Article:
A report of posters exhibited at the 2017 Peer Review Congress
The 2017 Peer Review Congress featured 2 poster sessions, one each on Days 2 and 3 respectively of the Congress. Each poster presented a brief overview of an original published research paper. The posters were categorized under 14 broad topics and divided across both days. Some of these topics were Authorship and Contributorship; Bias in Peer Review, Reporting and Publication; Conflict of Interest, Integrity and Misconduct, Quality of Reporting, Data Sharing and Editorial and Peer Review Process amongst others.
One of the posters on Integrity and Misconduct was particularly interesting – A Survey of Knowledge and Perception of Plagiarism Among Chinese Authors and Reviewers by Pei-Fang Wei, Xiu-Yuan Hao, Yang Pan, Wei-Zhu Liu, Jing-Ling Bao, Jun-Min Wei, and Yong-Mao Jiang (China).
This posters shares results of a survey of Chinese authors (published in the Chinese Medical Journal and ‘Chronic Diseases and Translational Medicine.’) and reviewers about their knowledge and perception of plagiarism. Of the 222 respondents, including 47 reviewers, 135 considered an overall similarity index of 20-30% as acceptable. Over 55% of the authors thought that duplication of a maximum of 20-30 words from someone else’s work without citing references is plagiarism and 31% authors believed that the continuous duplication of 100 words from another paper is plagiarism even if references and quotation marks were included.
The variation in their responses highlighted the need for a unified standard for overall similarity threshold and extensive education about plagiarism among the Chinese academic community. Lack of sufficient knowledge about plagiarism among Chinese authors and reviewers is a problem that needs to be addressed at the earliest. In light of this need of the hour, Editage Insights has launched an in-depth learning course about ethical publication.
Of the 2 posters presented on Data Sharing, I found the one presented by Michal Tal-Socher and Adrian Ziderman (Israel) – Data Sharing Policies in Scholarly Publications: Interdisciplinary Comparisons – rather interesting.
This study by COPE analyzed the data sharing policies of the top 150 journals from all disciplines. Their results demonstrated the importance of the top 5 journal publishers (accounting for 56% of the sampled journals) in promoting data sharing. Of these journals, 46% of the journals have a strong data-sharing policy. Their results concluded that if journal and publisher policies are an important indicator of data sharing, then biomedical sciences were in the primacy of data-sharing policies, and there was a lagging implementation in the arts and humanities. The physical and social sciences showed similar levels with respect to adoption of norms, whereas the formal sciences demonstrated a lower level of data sharing implementation. The study encouraged the use of other tools to facilitate data sharing that might be stronger than publication policies for less journal-centric disciplines.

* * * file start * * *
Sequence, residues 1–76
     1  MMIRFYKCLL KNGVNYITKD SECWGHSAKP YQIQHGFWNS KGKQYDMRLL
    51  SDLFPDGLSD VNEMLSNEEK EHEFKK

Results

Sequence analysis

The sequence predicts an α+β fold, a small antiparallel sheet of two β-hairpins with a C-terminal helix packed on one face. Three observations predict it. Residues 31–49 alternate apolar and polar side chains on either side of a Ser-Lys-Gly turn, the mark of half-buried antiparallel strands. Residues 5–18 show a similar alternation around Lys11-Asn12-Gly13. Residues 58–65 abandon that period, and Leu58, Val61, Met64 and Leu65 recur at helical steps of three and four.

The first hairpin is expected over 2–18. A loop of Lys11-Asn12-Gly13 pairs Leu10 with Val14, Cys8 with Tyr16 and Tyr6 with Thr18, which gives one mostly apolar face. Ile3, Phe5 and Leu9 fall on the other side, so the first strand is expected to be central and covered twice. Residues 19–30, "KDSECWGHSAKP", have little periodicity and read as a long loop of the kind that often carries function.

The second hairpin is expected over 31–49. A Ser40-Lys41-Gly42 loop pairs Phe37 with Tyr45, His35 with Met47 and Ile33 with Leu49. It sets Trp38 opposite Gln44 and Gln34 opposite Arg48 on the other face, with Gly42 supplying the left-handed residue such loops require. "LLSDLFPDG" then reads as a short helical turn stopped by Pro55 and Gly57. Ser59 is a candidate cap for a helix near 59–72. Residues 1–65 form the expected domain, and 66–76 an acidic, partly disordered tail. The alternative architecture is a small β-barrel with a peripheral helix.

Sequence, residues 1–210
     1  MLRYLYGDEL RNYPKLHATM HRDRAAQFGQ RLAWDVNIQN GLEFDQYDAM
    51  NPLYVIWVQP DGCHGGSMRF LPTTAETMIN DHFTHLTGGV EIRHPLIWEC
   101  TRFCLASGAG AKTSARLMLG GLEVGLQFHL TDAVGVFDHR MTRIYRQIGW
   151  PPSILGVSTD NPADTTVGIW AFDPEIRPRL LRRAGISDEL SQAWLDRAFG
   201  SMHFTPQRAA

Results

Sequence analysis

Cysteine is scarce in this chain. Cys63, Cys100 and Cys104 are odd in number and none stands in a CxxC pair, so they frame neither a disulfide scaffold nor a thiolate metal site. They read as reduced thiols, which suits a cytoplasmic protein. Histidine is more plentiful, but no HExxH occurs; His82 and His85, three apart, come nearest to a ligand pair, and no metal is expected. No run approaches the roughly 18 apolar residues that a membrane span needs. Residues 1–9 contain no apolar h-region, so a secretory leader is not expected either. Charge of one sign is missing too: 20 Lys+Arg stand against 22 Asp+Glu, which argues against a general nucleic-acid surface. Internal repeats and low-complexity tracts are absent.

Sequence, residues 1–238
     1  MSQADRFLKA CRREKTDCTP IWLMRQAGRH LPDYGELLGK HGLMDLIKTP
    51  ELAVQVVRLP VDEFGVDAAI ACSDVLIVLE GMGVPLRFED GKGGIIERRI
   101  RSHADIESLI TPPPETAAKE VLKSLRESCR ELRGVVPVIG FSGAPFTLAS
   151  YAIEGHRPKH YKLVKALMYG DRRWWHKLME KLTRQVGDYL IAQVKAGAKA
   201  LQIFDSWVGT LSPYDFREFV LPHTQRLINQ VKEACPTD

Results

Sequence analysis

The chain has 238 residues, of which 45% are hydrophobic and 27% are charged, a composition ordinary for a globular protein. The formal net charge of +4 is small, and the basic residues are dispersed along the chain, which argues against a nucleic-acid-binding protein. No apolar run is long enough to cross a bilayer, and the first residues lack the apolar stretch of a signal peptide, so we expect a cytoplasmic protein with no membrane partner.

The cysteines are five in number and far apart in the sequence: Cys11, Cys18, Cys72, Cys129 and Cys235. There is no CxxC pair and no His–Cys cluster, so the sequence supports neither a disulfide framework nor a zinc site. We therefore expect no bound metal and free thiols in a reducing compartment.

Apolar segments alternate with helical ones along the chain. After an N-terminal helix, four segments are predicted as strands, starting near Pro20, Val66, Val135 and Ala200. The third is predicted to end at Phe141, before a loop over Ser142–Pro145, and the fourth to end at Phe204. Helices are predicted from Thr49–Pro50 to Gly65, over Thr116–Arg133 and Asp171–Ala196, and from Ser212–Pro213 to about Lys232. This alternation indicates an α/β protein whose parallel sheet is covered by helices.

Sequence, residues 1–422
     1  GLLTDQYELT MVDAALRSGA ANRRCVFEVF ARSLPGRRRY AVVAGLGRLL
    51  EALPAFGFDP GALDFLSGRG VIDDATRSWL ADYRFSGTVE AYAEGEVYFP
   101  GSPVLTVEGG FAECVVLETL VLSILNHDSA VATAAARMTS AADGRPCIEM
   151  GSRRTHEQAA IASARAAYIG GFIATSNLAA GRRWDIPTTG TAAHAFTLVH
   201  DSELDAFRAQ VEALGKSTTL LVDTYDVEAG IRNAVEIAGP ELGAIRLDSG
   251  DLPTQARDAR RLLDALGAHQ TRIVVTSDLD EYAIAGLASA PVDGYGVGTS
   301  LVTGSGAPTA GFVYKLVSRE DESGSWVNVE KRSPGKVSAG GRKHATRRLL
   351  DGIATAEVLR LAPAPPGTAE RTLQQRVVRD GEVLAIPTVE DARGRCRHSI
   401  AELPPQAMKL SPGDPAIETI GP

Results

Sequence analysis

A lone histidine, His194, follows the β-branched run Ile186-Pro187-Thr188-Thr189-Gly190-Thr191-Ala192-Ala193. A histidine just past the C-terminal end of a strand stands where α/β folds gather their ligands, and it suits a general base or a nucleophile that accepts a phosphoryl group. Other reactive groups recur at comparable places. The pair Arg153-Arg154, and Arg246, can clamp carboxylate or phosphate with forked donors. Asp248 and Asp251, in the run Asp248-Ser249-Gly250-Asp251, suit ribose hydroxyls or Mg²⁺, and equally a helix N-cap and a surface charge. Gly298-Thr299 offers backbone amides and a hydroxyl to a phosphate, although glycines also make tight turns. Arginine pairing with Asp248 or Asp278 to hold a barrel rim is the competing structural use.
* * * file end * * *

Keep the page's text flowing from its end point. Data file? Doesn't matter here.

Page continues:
There was also an interesting poster on Bibliometrics and Scientometrics about the Clinical Impact of Published Trials by Ashwini Sehgal. The premise of the study was that citations in UpToDate, an online information resource used by more than 1 million clinicians for obtaining specific diagnosis- and treatment-related recommendations, may prove useful for measuring the clinical impact of published articles.
This study sought to use UpToDate citations to assess the clinical impact of 1527 trials, 2 to 10 years post-publication. The trials were selected from 3 general medical journals and 3 nephrology journals. 76% of these 1527 trials were cited in UpToDate in March 2016. Results indicated that while the proportion of medical journal trials cited in UpToDate showed little variation between 2006 and 2014, the proportion of nephrology journal trials increased from 37% to 57%. They concluded that although a large proportion of these clinical trials might have influenced clinical practice, the proportion varies by journal type and year of publication.
The aim of the Peer Review Congress is to encourage researchers to study the quality and credibility of peer review and scientific publication. And it is through such research papers that we can get a perspective into the functioning of the publication system and then hope to improve processes, conduct and the dissemination of scientific research.
Poster abstracts available
Abstracts of all the posters presented at the 2017 Peer Review Congress are available through the event website. Click here to access them.
- Biases in scientific publication: A report from the 2017 Peer Review Congress
- Research integrity and misconduct in science: A report from the 2017 Peer Review Congress
- Quality of reporting in scientific publications: A report from the 2017 Peer Review Congress
- Exploring funding and grant reviews: A report from the 2017 Peer Review Congress
- Quality of scientific literature: A report from the 2017 Peer Review Congress
- Editorial and peer-review process innovations: A report from the 2017 Peer Review Congress
- Post-publication issues and peer review: A report from the 2017 Peer Review Congress
- Pre-publication and post-publication issues: A report from the 2017 Peer Review Congress
- 13 Takeaways from the 2017 Peer Review Congress in Chicago
Download the full report of the Peer Review Congress
This post summarizes some of the posters exhibited at the Peer Review Congress. For a comprehensive overview, download the full report of the event below.
An overview of the Eighth International Congress on Peer Review and Scientific Publication_1.pdf
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